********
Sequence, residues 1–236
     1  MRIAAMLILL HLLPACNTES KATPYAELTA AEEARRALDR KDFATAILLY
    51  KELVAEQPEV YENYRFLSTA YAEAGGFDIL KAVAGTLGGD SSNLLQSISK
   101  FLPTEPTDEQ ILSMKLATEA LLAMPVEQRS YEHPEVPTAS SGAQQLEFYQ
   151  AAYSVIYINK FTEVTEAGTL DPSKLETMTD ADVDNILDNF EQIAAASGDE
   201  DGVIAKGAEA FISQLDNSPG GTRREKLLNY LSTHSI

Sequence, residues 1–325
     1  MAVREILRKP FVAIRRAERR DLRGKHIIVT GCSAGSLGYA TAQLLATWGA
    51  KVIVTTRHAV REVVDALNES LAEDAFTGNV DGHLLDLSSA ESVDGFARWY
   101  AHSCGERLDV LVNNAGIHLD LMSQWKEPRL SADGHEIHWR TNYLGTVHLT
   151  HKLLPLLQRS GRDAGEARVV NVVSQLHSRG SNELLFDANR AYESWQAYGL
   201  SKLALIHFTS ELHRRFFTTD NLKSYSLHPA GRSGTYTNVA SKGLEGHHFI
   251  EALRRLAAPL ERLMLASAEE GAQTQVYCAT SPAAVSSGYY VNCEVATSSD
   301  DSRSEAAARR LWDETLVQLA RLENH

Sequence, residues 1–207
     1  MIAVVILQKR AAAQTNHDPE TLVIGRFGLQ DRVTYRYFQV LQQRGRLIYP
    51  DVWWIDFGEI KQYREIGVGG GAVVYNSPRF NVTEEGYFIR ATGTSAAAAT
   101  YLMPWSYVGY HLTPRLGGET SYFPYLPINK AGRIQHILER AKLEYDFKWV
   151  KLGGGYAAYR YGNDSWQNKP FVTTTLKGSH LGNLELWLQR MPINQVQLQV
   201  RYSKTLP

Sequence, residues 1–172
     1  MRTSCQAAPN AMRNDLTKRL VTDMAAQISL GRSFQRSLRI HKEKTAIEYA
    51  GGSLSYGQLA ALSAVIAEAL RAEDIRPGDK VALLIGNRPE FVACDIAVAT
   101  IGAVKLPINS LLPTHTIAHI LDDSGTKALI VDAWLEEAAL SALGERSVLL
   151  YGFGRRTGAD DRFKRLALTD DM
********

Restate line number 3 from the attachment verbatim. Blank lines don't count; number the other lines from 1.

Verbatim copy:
    51  KELVAEQPEV YENYRFLSTA YAEAGGFDIL KAVAGTLGGD SSNLLQSISK